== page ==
General Audience Summary:
Colorectal cancer is a cancer that starts in the colon or the rectum. These cancers can also be named colon cancer or rectal cancer, depending on where they start. Colorectal cancer is the third most common form of cancer diagnosed in both men and women in the United States.  It is the third leading cause of cancer-related deaths in women in the United States and the second leading cause in men.

When colorectal cancer is found at an early stage before it has spread, it has a five-year survival rate of 90 percent, but the survival rate drops to less than 10 percent after metastasis. Unfortunately, only 25 percent of colorectal cancer cases are discovered in the early stage. Excisional biopsy and histology is currently the gold standard for cancer diagnosis, but there are high false negative rates due to sampling errors. Using current video colonoscopy to guide the biopsy can only provide data on superficial tissue structure and does not have the depth-resolved capability to image the colonic mucosa and submucosa, where early-stage colon cancer arises. New high-resolution imaging techniques tools could minimize the invasiveness of screening, aid early colorectal cancer detection and guide biopsy procedures to improve the sampling accuracy. The objective of this application is to develop an endoscopic multi-modality optical imaging system for early cancer detection.

Trang VoPham, Ph.D.Fellow: Trang VoPham, Ph.D.
Named Award: The Richard C. Devereaux Fellowship
Position: Postdoctoral Research Fellow
Institution: Brigham and Women’s Hospital, Inc., Boston, MA
Project Title: Reducing PM2.5 exposure and lung cancer risk using spatial data science

Cancer Prevention Statement:
Fine particulate matter air pollution (PM2.5) is a known lung cancer risk factor. Using spatial data science, we will develop a PM2.5 forecasting system and propose an educational and behavioral intervention to reduce personal PM2.5 exposure, reduce lung cancer risk, and ultimately prevent cancer.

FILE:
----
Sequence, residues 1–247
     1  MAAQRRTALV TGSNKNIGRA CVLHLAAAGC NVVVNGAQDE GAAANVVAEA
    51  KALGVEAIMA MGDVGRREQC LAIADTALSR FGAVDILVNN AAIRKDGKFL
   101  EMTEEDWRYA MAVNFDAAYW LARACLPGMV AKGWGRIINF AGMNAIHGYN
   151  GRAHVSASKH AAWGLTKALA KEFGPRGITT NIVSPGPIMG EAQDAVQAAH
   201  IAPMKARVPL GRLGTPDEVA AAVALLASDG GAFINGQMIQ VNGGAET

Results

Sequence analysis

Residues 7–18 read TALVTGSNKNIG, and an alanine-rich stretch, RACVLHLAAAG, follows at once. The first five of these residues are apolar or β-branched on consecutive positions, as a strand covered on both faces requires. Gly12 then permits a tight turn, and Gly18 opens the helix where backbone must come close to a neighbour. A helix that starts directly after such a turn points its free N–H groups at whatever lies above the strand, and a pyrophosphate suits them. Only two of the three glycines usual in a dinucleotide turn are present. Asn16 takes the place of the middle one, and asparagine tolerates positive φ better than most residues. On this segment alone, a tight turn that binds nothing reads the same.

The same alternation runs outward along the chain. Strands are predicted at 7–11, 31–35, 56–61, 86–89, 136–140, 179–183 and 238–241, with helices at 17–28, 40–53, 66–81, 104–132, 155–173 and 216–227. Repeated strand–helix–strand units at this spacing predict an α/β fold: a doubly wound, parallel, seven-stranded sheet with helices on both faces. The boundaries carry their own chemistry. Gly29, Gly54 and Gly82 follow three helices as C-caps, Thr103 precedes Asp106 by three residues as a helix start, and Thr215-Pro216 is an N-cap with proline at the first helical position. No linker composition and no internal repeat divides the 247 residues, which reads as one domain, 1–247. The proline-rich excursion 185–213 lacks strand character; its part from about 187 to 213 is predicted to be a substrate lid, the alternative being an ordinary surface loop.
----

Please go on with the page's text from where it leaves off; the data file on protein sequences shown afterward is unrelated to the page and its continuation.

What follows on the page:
General Audience Summary:
Lung cancer is the most commonly occurring and deadliest cancer worldwide. The International Agency for Research on Cancer announced in 2013 that there is strong evidence showing that exposure to fine particulate matter air pollution called PM2.5 increases the likelihood of developing lung cancer, even among those who have never smoked cigarettes. In fact, 15 percent of all lung cancer deaths are attributed to PM2.5 exposure.

PM2.5, which includes tiny particles too small for the eye to see, comes from man-made sources, such as cars, and is found all around us. People breathe in PM2.5 particles that penetrate deep into lungs, and 13.6 percent of Americans live in areas where PM2.5 levels exceed national public health standards.

We will develop a behavioral and educational intervention to promote healthy behaviors, such as avoiding high-traffic areas, to reduce personal exposure to PM2.5 and thus reduce lung cancer risk. We will use the latest advances in spatial data science, deep learning and big data to create a system to forecast real-time PM2.5 exposure with high accuracy and precision, just like weather forecasts. These PM2.5 forecasts will be a vast improvement over current air quality predictions. We expect that including these forecasts in an intervention will change people’s beliefs, knowledge and behaviors around PM2.5 exposure and lung cancer risk. This will be the first intervention study in the U.S. aimed at reducing PM2.5 exposure and cancer risk. Ultimately, since environmental exposure to PM2.5 can be reduced by adopting healthy preventive behaviors, this study can provide useful information on how to modify PM2.5 exposure to decrease the likelihood of developing lung cancer.

Leah Frerichs, Ph.D.

Named Award: Marvin Davis Estate
Applicant Title: Assistant Professor
Institution: The University of North Carolina at Chapel Hill, Chapel Hill, NC
Project Title: A randomized trial of an American Indian colon cancer screening strategy